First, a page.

Opening the gates

Monday 14 Jun 2010

IAD unveils design proposal for new stadium on Seville centred on ergonomy, funcionality and contextuality

This proposal was determined by the will to intensify the sporting event, concentrating on the spectator in surroundings that focus on the actions taking place on the playing field. Two distinct scales are present; on the one hand is the monumental scale of the game, expressed in the empty field and monumental ring of the canopy; on the other hand is the human scale of the spectator present in the fragmented organisation of the bleachers and the reduction of the visual impact of the building.

The rationality of the proposal affirms its modernity, while meeting all prerequisites of safety, comfort and economy. The object, enshrouded in its surroundings, allows for an optimisation of the shear surface of built façades and uses modular, prefabricated bleachers without compromising architectural quality. The ‘fifth’ façade formed by the roof-ring maximises the protection and comfort of the spectators. This object becomes a public plaza, a polyvalent space dedicated to leisure time and spectacles, be they sporting or cultural, with a clear reference to Roman arenas, a civic space for the citizen.

Conceived as a response to the horizontal extension of the surrounding fields and the extremity of local meteorological conditions, the Stadium proposal defines itself as a landscape-architectonic gesture with the creation of an artificial hill space - an active bump - that gently holds the playing field in its centre.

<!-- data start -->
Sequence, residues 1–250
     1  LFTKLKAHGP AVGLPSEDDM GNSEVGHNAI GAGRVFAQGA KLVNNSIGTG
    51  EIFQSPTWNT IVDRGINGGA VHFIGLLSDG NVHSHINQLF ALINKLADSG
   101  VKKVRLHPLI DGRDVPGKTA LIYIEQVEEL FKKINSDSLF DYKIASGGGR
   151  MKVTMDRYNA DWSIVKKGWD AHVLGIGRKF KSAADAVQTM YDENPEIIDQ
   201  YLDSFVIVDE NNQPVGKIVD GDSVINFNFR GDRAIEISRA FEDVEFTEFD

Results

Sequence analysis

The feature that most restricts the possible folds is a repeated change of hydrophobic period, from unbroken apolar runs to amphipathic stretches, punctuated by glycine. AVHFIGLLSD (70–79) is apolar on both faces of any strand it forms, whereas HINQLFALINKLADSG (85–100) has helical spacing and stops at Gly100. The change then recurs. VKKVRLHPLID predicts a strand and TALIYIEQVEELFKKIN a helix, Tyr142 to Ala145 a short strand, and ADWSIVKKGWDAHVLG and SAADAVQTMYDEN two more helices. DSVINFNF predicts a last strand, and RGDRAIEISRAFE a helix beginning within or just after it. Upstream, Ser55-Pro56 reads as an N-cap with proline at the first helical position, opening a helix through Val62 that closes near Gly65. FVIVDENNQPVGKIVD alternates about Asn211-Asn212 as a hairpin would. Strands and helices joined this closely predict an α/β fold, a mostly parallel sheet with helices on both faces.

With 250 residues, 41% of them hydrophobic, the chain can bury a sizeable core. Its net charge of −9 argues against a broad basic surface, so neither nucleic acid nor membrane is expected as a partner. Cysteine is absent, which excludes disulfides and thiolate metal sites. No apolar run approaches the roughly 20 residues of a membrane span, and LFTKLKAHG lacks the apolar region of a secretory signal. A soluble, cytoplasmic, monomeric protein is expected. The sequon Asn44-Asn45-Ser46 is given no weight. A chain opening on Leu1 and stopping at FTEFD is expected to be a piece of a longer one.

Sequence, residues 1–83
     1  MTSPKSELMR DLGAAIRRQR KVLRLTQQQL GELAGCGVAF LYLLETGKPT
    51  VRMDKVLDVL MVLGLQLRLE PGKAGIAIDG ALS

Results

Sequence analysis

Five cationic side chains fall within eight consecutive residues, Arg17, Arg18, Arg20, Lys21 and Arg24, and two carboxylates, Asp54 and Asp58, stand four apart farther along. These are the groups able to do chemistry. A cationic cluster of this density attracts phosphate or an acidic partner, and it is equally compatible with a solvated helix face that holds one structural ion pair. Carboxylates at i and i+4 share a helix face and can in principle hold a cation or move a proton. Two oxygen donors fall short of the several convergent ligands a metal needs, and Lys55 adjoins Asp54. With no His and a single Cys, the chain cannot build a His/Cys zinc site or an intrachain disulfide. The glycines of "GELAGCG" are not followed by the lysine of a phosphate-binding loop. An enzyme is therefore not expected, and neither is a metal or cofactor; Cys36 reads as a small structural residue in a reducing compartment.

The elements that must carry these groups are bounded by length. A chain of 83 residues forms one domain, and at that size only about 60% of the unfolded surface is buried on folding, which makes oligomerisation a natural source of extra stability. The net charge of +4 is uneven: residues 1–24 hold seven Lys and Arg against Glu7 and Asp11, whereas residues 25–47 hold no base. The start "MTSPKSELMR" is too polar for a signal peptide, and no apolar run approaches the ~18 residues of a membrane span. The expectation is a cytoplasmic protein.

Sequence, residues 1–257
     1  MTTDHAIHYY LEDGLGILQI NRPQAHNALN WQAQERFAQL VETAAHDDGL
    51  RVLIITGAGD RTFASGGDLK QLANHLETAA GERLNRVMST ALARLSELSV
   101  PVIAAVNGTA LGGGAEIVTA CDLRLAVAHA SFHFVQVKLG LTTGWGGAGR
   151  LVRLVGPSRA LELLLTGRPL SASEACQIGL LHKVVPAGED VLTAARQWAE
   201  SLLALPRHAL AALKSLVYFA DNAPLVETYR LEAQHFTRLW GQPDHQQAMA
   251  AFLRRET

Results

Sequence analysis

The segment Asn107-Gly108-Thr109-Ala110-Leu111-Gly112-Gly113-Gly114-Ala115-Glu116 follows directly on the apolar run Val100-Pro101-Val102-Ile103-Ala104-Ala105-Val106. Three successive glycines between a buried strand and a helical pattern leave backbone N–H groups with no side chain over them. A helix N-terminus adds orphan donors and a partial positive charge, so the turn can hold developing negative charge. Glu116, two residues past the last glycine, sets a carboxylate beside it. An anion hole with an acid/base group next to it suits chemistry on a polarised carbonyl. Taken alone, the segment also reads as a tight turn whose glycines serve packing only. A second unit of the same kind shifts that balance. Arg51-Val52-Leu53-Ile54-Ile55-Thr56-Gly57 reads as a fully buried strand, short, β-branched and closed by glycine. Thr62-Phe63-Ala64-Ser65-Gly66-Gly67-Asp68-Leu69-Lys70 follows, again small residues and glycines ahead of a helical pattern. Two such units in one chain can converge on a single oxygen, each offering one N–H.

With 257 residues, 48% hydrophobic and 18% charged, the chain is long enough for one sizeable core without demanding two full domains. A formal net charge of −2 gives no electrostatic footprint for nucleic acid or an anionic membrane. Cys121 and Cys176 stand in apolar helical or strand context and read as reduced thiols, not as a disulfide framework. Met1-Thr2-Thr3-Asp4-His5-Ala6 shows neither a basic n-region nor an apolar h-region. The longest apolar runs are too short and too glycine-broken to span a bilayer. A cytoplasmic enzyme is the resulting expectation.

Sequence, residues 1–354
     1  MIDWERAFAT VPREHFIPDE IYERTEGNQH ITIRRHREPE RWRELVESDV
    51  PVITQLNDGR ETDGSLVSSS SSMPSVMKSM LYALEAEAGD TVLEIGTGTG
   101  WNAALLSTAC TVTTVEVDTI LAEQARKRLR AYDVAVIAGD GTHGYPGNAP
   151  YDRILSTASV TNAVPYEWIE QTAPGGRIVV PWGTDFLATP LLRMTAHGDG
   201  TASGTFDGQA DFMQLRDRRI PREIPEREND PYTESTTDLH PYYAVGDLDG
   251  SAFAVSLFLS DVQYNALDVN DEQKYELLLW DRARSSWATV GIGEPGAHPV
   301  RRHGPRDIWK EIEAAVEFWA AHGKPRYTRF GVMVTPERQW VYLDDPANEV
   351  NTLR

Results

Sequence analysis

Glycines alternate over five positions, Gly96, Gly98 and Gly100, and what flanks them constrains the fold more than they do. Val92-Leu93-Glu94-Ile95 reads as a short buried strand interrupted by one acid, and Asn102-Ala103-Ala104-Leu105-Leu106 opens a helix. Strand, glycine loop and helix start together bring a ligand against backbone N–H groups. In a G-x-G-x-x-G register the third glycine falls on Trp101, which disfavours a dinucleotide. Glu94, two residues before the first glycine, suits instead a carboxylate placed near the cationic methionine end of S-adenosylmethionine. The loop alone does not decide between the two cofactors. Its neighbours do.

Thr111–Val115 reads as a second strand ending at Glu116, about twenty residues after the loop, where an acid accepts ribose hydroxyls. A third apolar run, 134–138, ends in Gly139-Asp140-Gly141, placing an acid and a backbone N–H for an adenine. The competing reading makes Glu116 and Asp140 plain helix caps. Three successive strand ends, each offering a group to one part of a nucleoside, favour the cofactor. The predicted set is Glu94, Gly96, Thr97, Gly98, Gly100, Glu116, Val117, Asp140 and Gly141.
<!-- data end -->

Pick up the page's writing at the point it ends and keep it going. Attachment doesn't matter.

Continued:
Going further than an imposing object, sometimes menacing and introspective, and with the intention of reducing the stadium to its most pure expression, IAD's proposal opts for an open and fragmented construction that shamelessly exposes its purpose. The architects thus combined the power of an urban landmark with the lightness and transparency of a naked object. The comprehension of the building takes on a great simplicity: a giant circling roof with extensions of tensed textile, indispensable when taking in consideration the climatic conditions of the province of Seville; the fragmented grandstand, allowing for fluidity of spectator access; the ring of pedestrian circulations and turnstiles; and, lastly, freestanding boxes which concentrate the principal uses of the stadium, organising and creating clear hierarchies between pathways and seating.

Under the gesture of a giant unifying roof, the Stadium responds efficiently and sensibly with its immediate surroundings. In this manner we addressed our response to the differing natures of the two main facades; the one overlooking the surrounding fields and highway and the one facing a future urban development. The exterior side of the stadium is camouflaged using a soft, green language, thus avoiding the strong visual impact of the large parking lot required. On the urban side, the stadium acquires a more constructed expression, but without losing its fragmentary character, in which outstands the purity of its principal generating elements; the grandstand and monumental roof.

Key Facts:

Sport in architecture

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